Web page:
Truth be told, the current campaign is actually my second attempt to run the Mar Tesaro setting again. The first attempt failed through no fault of its own. Like so many games before it, real life ended up getting in the way. After the conclusion of a prior campaign, a number of people went on hiatus to spend time with their families, and one of the interim games became the reborn Mar Tesaro campaign. We had about four sessions or so before the remainder couldn't spare the time to play. By the time they were ready to play again, so was the rest of the group, and it was the consensus that starting fresh would be better in the end.
The short campaign that resulted ended up having little in common with the current campaign, although a large part of that was the result of being unable to introduce the larger themes and ideas right away. I still think what resulted is interesting enough to write about.
The two characters in the group (and I must say that running D&D 4E for two people is really complicated) were Traster Dewshining, an eladrin* swordmage who survived the transition to the new campaign, and Dertritus Grubstake, a dwarf ranger with a huge spider companion. Dertritus didn't make the transition, and I'm rather glad. Why? Well, here's his inspiration:
|KILL. IT. WITH. FIRE.|
|This is what happens when they can't get any Charmin.|
The wizard sends them back to town with a solution that should reverse the effects of the crops. The militia hulked-out the way the wildlife did, but Traster and Dertritus were able to save those affected. They learn that the captain of the guard intended to arrest their wizard friend for his experiments, but they rush out to the farm to warn him. They find the entire place ablaze, including the wizard's tower. The two rush in and secure the artifact that caused the disruption before it is consumed by the fire. The wizard has no idea who set his tower on fire, as he had been destroying the tainted crops when it happened.
At the end of things, they hatch a plan: They will inform the guard captain of Breakshore that the wizard had been killed in the fire. In truth, he will be spirited away to join the Brotherhood.
That was all we managed to accomplish in a few sessions. There were a few other things that happened, but it's not worth detailing fully. Perhaps you're wondering where I was going with all of this.
The leader of the Regulators was going to be another Mordan worshipper. What he was doing was seeding various artifacts out in the world to determine how powerful their effects could be, then sending in his Regulators to retrieve the useful items. The plan along the way was for the players to accumulate items which would allow them to open any door, regardless of the power of magical locks (basically Knock on steroids) and other items to improve the scope of the effect. The idea was that they would be raiding the Queen's citadel for some purpose to be determined in the future. In order to get in and out quickly, they'd use the items they'd collected to simultaneously "magic" open every door in the place, allowing them to beeline to their destination. The intended side effect of this would be that Mordan's current prison would open, freeing the Lich to wreak havoc again.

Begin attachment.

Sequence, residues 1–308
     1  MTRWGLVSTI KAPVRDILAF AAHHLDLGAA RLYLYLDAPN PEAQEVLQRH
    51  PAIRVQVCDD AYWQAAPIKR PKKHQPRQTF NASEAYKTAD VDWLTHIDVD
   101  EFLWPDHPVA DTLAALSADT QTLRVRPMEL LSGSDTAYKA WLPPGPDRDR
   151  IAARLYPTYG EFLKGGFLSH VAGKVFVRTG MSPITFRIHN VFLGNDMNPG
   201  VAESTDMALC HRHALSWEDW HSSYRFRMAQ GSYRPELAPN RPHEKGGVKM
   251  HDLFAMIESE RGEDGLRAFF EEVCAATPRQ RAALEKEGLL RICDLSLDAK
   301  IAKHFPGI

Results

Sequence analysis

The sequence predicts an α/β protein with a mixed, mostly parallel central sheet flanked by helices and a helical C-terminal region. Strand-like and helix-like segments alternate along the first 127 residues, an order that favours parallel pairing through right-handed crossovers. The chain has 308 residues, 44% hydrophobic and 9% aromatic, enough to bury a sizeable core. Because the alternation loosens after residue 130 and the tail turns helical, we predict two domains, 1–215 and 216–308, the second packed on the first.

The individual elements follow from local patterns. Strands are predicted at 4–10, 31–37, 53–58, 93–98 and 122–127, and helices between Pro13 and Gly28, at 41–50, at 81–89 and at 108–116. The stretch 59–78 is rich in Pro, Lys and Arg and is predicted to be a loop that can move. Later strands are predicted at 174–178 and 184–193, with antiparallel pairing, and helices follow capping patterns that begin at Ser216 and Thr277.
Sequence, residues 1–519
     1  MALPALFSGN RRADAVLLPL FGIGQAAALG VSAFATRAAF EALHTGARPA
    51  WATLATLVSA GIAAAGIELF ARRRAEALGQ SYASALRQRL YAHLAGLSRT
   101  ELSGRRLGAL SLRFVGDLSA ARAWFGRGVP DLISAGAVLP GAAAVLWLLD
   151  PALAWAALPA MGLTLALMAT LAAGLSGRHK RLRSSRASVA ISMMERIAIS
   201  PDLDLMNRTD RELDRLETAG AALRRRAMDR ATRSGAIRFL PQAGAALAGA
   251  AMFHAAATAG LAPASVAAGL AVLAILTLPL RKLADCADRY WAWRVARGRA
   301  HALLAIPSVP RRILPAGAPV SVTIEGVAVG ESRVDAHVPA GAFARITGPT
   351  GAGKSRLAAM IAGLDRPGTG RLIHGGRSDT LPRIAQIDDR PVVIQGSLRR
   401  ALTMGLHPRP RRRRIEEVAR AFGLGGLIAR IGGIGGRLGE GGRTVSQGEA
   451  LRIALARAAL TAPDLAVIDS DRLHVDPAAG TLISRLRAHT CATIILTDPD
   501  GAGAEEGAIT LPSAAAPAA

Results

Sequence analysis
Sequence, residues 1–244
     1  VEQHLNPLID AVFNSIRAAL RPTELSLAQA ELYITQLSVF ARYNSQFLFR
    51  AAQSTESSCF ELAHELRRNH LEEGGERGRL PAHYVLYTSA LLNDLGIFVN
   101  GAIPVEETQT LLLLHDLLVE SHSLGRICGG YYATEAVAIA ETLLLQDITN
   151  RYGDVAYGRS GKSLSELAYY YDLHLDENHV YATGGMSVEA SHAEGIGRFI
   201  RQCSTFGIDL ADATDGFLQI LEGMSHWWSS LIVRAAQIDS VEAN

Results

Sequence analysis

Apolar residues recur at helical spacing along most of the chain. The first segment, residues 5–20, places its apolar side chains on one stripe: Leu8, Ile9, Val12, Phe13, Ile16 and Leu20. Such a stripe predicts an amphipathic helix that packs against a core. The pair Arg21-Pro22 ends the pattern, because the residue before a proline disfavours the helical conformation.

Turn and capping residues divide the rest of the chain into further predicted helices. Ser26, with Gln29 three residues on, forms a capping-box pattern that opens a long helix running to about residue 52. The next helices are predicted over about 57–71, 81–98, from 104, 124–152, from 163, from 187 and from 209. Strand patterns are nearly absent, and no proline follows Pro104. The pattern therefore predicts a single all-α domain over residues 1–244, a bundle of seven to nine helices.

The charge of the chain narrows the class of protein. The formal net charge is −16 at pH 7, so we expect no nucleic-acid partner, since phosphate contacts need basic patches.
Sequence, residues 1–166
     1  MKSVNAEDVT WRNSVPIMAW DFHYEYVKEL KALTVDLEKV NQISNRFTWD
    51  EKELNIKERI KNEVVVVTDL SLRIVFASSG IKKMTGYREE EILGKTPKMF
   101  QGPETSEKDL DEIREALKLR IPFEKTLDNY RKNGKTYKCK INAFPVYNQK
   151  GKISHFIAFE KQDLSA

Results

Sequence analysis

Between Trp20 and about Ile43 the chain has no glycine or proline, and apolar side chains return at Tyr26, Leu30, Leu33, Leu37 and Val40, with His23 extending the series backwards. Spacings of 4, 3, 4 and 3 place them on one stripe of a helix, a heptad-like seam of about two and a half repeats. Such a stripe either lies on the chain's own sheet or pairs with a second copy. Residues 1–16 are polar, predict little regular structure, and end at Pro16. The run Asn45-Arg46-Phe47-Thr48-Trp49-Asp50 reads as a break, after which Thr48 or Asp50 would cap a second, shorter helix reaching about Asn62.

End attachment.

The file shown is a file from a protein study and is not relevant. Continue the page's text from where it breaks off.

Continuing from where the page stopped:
The key detail here was going to be stringing things along so that infiltrating the citadel and using the items in their possession all looked like the players' decision. That is incredibly tricky GMing. If you give the PCs a gun and tell them to shoot the king, they will not see that as their action. If, on the other hand, you allow them to find a gun and give them a reason to shoot the king . . . they will (hopefully) be driven to the action you desired while thinking of it as their decision. The details of that plan never materialized, but it was a moot point.
Ultimately, I'm happy with how the "real" campaign has turned out so far. I can't really escape the criticism that the overarching plot that I described above is basically the plot of the first game: Trick the players into releasing Mordan, then have them put the genie back in the bottle. While the misfire had some interesting possibilites and planned quests, such as infiltrating the Blades, I think what has come of it is far more interesting.
* - In fourth edition, there are two flavors of elves: "Elves" and "Eladrin." What's the difference? The former have spent so much time in the mortal world, not the Fey, that they are considered part of the mortal world. This wasn't the case in third edition D&D. In the beginning, I had considered keeping the distinction, but when the issue never manifested in game, I eventually took to using the names of the two races interchangeably. Why makes things too complicated?